Rolston got his last taste of the Winter Games at Torino in 2006, when he potted three goals and an assist in six games. He has been impressed that the chemistry between Parise and Langenbrunner has carried over so well onto the Olympic stage.
“They’re the best line, there’s no question about it,” Rolston said. “Zach, he’s one of the best players in the League, and this is just another showcase for him. I don’t think he gets the recognition as much as he should. He’s not hyped as much as a lot of other guys get real hyped. If he was playing in a Canadian city he’d be on every billboard. He’s a special player. The thing about Zach is that he works so hard. You see a lot of skilled players that kind of float. He just works hard and I think that’s one of the reasons why he’s so successful.
“Jamie’s been a hard worker his whole career and that’s how he makes things happen. I’m happy for both of them and I hope they get a chance to win.”
Rolston is familiar with the pressure that Parise and Langenbrunner will be feeling on Sunday. The Flint, Mich., native was a member of the 2002 U.S. squad that lost to Canada in the gold medal game.
“It’s always disappointing being on the losing end, but at the end of the day, you’ve won a silver medal,” he said. “It’s almost more fun for the bronze medal team because they won the game, you know? When you go back and you see the Canadian team and how good they were. Brett Hull had said right after the game, ‘Listen, I’m pretty proud of this silver medal.’ It’s a special thing. To win a medal at the Olympics is great.”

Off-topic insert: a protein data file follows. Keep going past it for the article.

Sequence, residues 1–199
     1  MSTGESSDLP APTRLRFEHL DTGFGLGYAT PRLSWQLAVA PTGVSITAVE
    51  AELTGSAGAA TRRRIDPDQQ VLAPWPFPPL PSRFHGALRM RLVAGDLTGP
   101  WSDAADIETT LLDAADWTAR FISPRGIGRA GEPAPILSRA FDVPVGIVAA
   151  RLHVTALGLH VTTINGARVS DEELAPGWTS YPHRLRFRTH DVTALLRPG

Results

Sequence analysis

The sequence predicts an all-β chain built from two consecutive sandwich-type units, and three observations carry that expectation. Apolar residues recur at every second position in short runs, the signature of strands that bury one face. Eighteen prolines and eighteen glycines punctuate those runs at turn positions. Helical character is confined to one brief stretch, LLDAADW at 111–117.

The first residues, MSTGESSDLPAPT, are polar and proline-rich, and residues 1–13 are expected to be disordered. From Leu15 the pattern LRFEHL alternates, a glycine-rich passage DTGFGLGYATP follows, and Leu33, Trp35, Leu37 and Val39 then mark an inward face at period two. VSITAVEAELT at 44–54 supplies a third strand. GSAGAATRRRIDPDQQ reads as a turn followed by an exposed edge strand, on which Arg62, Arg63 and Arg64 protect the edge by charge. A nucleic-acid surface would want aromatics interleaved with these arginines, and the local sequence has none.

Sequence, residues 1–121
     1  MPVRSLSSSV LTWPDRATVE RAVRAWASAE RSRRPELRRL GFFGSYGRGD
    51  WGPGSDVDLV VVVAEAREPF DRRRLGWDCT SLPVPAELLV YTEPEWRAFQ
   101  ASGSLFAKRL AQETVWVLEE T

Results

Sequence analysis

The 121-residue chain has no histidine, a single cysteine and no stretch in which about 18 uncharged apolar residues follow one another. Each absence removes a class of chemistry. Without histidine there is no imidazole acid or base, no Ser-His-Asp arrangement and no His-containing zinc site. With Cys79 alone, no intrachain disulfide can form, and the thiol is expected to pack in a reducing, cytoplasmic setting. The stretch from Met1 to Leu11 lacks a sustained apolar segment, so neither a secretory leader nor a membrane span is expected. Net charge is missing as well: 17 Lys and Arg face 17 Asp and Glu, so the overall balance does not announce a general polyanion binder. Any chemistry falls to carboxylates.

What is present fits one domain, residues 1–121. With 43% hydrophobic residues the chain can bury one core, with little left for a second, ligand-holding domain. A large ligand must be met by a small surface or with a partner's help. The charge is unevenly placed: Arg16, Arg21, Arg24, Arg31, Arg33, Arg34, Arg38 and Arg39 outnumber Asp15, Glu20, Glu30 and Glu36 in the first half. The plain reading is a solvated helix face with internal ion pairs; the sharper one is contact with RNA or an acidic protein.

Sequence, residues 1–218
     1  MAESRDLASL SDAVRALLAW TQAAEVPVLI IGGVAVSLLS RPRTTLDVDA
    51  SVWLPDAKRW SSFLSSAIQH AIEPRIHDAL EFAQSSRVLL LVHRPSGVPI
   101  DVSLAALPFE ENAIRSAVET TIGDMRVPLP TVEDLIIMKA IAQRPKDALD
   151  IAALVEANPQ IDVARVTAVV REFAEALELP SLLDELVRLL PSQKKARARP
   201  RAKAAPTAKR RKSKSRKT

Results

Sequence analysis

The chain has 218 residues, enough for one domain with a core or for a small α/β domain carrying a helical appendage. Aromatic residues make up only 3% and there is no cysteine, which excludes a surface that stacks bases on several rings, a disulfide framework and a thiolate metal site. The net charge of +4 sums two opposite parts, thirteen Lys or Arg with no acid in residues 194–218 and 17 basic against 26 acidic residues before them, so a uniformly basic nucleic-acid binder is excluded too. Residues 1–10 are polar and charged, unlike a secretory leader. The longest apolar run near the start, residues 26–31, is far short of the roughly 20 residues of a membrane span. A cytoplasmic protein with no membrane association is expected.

Rolston thinks the goaltending of Buffalo’s Ryan Miller will wind up being the difference. Miller, who has had an outstanding tournament, became the first goaltender since Mike Richter in 2002 to earn a shutout at the Olympics when he stopped 19 shots to blank Switzerland, 2-0.
Miller then stopped all 18 shots against Finland, and will carry a shutout streak of 111:38 going into the gold medal game. It’s one game to decide one who leaves Vancouver carrying precious gold, and who comes home with stories of what might have been.
“It’s just the best players in the world and so much fun to play in it,” Rolston said. “It’s fun to watch as a fan. It’s just great hockey.”